pollutant

the sum total of the variety of organisms in

the biosphere; It is a measure of the health

of an ecosystem

biodiversity

slide11
term used to refer to a species that is at risk of becoming endangered

threatened

Splitting of ecosystems into small areas

Habitat fragmentation

slide12
a species whose population size is rapidly declining and will become extinct if the trend continues without intervention

endangered

increasing concentration a harmful

substance in organisms at higher

trophic levels in a food chain or web

Biological magnification

slide13
Plants or animals that have migrated or been introduced into places where they are not native and for which there are no natural predators or parasites to control their population

Invasive species

The wise management of natural resources,

including the preservation of habitats and wildlife

conservation

slide14
Areas containing endangered ecosystems that could benefit most from efforts and $ to preserve them

Hot spots

Atmospheric layer in which ozone (03) gas

is relatively concentrated which protects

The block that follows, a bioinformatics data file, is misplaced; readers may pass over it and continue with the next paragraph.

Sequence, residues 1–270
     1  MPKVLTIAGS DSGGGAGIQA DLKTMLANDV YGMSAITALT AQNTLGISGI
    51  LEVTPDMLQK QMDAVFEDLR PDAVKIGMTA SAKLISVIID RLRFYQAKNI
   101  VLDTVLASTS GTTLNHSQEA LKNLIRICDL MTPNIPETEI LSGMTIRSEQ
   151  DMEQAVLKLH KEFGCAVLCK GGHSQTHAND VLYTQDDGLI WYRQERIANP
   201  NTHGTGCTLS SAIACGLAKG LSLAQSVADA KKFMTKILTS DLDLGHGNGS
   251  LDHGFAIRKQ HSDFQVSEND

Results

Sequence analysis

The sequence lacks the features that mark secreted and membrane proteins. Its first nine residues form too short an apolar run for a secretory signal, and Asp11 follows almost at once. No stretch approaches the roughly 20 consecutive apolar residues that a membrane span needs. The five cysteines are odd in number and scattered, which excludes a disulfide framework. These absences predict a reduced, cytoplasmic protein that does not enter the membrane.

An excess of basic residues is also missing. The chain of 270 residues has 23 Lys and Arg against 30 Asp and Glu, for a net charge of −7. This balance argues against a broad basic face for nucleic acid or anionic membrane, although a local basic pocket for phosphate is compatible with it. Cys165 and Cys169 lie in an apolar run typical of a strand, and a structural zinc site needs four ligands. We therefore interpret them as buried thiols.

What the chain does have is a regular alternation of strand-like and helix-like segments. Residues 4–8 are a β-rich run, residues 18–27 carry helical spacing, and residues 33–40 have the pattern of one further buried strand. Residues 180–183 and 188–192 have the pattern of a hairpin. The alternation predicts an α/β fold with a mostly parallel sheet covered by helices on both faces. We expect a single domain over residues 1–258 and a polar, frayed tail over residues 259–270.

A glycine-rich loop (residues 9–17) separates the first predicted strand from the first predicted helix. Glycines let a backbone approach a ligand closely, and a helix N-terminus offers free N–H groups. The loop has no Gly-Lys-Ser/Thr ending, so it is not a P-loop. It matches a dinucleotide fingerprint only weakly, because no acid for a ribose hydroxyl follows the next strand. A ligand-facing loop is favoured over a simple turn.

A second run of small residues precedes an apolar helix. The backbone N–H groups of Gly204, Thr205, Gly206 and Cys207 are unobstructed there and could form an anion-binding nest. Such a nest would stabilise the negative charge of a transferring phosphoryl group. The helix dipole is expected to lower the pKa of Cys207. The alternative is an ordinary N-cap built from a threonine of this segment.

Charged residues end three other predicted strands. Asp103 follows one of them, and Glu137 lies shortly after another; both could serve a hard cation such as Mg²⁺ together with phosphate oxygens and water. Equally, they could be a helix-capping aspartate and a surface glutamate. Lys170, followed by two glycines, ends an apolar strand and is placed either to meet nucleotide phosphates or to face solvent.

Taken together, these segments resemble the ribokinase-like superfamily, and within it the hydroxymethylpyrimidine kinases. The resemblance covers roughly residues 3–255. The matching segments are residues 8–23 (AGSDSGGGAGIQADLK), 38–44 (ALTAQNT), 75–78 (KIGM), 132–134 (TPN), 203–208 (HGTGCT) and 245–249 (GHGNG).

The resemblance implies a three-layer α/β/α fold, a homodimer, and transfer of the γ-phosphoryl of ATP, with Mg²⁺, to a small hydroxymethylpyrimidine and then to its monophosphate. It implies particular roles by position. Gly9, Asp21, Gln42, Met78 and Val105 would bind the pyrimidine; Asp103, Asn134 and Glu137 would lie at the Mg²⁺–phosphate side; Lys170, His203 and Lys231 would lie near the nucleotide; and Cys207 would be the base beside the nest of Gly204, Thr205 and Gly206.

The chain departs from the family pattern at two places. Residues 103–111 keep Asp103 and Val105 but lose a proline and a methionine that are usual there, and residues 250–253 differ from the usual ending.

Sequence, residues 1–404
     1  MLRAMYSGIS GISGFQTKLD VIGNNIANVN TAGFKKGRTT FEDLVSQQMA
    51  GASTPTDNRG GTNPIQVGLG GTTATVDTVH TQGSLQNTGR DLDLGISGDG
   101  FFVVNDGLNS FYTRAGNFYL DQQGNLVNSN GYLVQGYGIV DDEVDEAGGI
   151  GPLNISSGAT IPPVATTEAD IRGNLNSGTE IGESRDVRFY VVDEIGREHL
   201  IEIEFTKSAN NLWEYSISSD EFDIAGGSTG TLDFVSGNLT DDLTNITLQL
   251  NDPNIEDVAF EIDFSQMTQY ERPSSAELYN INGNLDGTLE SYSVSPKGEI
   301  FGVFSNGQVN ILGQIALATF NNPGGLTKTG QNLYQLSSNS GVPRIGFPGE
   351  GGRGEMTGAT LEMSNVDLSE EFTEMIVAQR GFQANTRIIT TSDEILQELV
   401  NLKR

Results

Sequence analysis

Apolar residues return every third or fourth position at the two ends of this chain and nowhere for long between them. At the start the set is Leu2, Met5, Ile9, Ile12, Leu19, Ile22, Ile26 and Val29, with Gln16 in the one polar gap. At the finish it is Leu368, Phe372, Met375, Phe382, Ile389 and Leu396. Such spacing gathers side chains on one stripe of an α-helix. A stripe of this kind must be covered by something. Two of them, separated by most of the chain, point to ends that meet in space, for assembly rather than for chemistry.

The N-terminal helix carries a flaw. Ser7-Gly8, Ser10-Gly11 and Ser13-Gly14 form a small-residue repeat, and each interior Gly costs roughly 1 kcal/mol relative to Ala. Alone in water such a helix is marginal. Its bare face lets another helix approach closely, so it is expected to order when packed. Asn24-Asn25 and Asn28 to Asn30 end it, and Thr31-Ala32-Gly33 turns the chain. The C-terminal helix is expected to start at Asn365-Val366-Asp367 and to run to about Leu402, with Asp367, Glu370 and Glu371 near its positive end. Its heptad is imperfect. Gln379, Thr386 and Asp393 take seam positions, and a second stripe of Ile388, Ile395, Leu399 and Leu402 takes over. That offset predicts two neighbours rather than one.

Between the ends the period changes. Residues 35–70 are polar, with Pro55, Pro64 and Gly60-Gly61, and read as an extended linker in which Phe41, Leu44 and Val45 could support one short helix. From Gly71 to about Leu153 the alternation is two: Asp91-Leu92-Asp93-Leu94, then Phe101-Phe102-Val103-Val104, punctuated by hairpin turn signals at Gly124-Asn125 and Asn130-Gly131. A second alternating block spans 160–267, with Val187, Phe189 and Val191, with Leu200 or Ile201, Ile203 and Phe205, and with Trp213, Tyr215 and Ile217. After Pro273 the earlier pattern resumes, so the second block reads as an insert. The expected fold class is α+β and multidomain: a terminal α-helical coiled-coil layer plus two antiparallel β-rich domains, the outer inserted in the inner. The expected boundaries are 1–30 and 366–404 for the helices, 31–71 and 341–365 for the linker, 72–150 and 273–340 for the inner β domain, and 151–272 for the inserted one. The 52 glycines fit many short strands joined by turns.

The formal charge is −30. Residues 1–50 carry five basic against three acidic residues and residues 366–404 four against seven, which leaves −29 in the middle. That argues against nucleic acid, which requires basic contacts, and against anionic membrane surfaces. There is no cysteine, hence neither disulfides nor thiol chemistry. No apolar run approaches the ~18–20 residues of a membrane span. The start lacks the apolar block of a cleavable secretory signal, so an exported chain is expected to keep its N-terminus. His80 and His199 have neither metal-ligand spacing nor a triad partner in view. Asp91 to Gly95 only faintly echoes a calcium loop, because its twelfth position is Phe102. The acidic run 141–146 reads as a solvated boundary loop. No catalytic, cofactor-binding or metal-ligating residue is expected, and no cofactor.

us from the sun’s ultra-violet radiation

Ozone layer

slide15
Rain containing nitric and sulfuric acids caused by burning fossil fuels

Acid rain

Increase in the average temperatures of

the Earth

Global warming

slide16
Fuels such as oil, coal, or natural gas produced by the decay of dead organic matter that cause many environmental problems such as global warming and acid rain

Fossil fuels

Illegal hunting of animals

poaching

slide17
Zebra mussels and leafy spurge in South Dakota and rabbits in Australia are examples of what environmental problem

Invasive species

Tell two modern agricultural methods

that are helping to preserve the

environment

Satellite/GPS imaging, no-till, crop rotation, contour plowing, controlled grazing, cover crops, biological pest control

slide18
Governmental body whose job it is to monitor and enforce environmental regulations, provide education on environmental issues, conduct environmental research, and provide funding for environmental programs

Environmental Protection Agency(EPA)

Agreement signed by almost 200 countries,

including the United States, which agreed to reduce

(and eventually stop) the use of ozone depleting

chemicals.

Montreal Protocol

slide19
The giant aquifer that supplies water for drinking and agricultural irrigation to much of the farming midwest

Ogallala